The aim of this lecture is to offer a polyphonic panorama of Latin American folk narrative, through the voices of different researchers from Chile, Perú, Brazil, México and Argentina, connected with an overview of  Latin American folk narrative studies in the last two centuries. This panorama comprises an overview of paradigms, collections, studies and Folk narrative archives in Argentina and Chile; an approach to Latin American indigenous narratives from México, Peruvian Amazonia, Northeastern and Southern Brazil and Northeastern Argentina, as well a study of narratives and performances of migrant groups such as Jewish and Slovenians collected in Argentina. Some  contributions highlight the European  cultural heritage, while others show the relevance of indigenous narratives.  Folk narrative expressions here addressed were both  collected in the fieldwork,  registered in folk narrative collections  and archives, or  retrieved from virtual sources. Some contributions focus the attention on development of folk narrative studies, offering overview of the different trends and topics of folk narrative research in Latin America. Others include narrative texts  and narrative analysis dealing with contemporary global epidemics such as AIDS and Covid.  All of them reflect different verbal aesthetic expressions of local identities framed in narrative forms, either displayed in narrative performances or stored in archives and written collections.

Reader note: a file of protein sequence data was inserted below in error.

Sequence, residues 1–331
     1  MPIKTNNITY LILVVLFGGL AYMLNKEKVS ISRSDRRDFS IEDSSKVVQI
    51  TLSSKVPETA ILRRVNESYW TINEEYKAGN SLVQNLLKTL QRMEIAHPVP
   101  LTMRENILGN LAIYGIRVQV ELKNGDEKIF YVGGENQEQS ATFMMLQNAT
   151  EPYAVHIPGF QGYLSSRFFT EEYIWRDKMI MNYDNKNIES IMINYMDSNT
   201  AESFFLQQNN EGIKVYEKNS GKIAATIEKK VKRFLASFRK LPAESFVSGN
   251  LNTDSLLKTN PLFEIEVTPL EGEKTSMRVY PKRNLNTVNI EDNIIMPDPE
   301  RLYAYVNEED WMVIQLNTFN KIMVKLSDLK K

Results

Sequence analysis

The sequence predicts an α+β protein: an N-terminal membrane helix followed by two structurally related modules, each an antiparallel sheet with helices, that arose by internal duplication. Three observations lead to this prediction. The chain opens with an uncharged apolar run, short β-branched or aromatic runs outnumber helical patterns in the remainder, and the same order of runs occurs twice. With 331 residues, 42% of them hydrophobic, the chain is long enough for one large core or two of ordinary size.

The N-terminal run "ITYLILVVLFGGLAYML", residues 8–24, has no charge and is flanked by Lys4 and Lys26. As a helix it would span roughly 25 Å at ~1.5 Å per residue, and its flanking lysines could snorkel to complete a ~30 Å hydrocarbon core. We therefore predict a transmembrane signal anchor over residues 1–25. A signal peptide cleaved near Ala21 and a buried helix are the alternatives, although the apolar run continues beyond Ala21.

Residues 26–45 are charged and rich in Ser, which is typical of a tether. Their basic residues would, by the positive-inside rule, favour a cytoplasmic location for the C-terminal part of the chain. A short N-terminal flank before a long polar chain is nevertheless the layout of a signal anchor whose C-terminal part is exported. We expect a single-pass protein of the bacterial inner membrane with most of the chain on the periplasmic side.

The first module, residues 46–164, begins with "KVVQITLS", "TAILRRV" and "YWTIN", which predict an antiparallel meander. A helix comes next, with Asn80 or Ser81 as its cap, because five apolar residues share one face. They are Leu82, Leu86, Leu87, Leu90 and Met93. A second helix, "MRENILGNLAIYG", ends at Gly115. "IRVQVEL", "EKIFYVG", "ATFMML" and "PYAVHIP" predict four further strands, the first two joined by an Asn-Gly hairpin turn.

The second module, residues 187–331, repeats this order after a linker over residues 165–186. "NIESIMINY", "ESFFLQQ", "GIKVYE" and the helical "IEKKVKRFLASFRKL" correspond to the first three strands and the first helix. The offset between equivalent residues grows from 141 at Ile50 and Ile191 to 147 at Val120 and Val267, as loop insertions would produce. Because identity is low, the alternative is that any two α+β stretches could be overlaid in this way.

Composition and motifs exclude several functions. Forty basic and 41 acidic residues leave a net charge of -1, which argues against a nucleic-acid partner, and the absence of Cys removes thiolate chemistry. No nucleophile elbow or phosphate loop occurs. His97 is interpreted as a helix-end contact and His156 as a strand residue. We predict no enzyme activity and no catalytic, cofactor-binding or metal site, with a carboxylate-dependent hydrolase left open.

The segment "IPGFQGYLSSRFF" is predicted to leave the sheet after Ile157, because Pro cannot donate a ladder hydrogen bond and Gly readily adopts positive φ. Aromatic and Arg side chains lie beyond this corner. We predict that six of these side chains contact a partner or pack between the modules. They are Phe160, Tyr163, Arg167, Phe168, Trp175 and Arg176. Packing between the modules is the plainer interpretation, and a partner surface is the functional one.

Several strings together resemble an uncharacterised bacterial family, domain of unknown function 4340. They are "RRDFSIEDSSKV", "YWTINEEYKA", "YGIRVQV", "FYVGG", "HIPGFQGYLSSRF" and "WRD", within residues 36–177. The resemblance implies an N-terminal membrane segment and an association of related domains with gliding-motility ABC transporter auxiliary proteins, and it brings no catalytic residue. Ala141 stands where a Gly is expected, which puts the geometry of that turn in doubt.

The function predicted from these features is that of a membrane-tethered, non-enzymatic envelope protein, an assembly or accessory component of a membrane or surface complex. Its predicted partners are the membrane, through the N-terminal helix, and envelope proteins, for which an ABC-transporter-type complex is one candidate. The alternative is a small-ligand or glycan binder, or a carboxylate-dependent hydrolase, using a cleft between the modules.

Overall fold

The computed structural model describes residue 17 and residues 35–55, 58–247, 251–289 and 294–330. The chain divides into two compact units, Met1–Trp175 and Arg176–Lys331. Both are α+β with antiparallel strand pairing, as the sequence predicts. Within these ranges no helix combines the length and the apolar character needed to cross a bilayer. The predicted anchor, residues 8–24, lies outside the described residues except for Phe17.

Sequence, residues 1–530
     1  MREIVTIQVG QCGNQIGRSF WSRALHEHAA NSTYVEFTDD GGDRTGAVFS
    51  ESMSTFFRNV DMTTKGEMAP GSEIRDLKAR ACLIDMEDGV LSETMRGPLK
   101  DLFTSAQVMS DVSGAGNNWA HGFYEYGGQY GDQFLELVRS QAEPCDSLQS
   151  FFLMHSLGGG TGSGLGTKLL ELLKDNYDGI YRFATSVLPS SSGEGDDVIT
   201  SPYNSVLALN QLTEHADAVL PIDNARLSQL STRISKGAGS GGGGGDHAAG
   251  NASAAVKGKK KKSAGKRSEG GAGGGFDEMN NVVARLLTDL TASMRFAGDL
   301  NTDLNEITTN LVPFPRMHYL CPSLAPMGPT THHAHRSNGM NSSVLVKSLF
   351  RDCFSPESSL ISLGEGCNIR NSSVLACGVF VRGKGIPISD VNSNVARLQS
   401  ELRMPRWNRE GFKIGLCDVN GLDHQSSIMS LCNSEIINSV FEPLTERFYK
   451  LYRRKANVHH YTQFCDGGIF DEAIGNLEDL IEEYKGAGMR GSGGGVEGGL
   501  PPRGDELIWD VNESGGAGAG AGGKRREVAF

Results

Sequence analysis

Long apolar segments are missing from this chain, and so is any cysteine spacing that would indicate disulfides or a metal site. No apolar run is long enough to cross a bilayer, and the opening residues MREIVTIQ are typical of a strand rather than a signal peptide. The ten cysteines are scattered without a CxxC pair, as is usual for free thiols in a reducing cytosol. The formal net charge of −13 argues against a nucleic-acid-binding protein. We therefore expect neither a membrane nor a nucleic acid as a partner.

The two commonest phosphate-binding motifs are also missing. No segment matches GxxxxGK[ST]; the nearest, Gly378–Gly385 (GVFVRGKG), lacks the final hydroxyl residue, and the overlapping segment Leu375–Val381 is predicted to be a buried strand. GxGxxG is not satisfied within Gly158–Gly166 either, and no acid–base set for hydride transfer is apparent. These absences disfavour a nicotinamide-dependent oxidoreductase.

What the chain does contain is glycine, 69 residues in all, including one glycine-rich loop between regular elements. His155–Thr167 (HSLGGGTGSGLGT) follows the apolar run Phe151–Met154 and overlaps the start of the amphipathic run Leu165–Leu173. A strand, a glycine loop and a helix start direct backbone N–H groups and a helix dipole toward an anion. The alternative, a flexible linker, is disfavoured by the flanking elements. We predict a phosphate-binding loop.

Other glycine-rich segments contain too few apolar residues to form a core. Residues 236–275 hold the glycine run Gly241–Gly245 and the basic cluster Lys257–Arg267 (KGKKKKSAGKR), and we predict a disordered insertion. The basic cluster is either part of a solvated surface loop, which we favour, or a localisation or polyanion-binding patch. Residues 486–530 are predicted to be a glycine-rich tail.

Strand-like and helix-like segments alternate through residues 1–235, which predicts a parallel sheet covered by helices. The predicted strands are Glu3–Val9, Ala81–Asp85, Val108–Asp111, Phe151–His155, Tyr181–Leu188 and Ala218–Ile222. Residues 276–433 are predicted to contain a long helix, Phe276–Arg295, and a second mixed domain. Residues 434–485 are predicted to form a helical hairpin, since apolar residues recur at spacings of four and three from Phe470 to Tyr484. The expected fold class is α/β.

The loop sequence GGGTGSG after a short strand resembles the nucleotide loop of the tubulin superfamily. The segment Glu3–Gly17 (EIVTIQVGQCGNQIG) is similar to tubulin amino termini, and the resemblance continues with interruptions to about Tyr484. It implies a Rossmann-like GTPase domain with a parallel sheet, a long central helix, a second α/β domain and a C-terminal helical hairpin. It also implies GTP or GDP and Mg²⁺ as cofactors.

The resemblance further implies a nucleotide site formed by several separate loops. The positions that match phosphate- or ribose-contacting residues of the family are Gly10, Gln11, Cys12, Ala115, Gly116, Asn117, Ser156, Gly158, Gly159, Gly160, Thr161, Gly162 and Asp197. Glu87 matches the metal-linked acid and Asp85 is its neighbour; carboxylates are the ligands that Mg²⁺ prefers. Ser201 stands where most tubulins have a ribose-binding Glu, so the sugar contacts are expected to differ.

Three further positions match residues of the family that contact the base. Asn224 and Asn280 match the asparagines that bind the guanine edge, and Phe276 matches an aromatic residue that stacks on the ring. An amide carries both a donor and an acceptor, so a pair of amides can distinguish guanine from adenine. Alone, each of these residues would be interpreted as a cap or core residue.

In the first part of this lecture, “Paradigms in Folk Narrative Studies, Collections, Archives”, I will deal with “Argentinian Folktales in the Latin American Context: Collections and  Belief Narratives”, while Ana Dupey will focus her short dissertation in “Folklore Disciplinary Narratives Produced by Scholarly  Community in Argentina. Social Dimension in Focus” and Cristian Yáñez Aguilar, who sent an abstract of his work, will focus the attention in “Traditional Culture and Folklore Science: Two Approaches in the  Discursive Construction of the Cultural Field of Folklore in Chile”. In the second part, regarding “Indigenous narratives”, Daniel Díaz Benavides will speak about “Folkloric Narratives of the Peruvian Amazon”, and Mercedes Zavala Gómez del Campo will  deal with “How to Study Folktales and Legends  From Oral Indigenous Heritage of México”. Luciana Hartmann and Renata de Lima Silva, from Brazil, sent an abstract of their research about “Between Borders and Crossroads: the  Performance of Orality in Different Brazilian Bodies and Contexts”, while Alejandra Vidal and Sabrina Maciel sent as well a summary of their work dealing with “Narratives of Pilagá Native Societies in the Argentinian  Context”. In the last part of this lecture, dealing with “ Migration narratives”, Fernando Fischman will speak about “Jewish Traditions in a Latin American Background. Enacting an  Intercultural Diaspora in the Context of Argentine Identity Politics” and Barbara Ivančič Kutin, about  “Elements of Latin American Culture in the (Folk) Narratives of  Slovenes in Argentina”

The goal of  drawing a multicultural map of Latin American communities through folk narrative expressions, whose distinctive feature is the coexistence of vernacular and indigenous narratives with narrative folk expressions from migrant and Créole groups, will be be reached thanks to the collaboration of Latin American colleagues, with some of which I have the pleasure of sharing this lecture. Since others cannot be present, I will offer a short abstract of their research work and their research interests. All the contributions show  the  richness and complexity of Latin American folk narrative.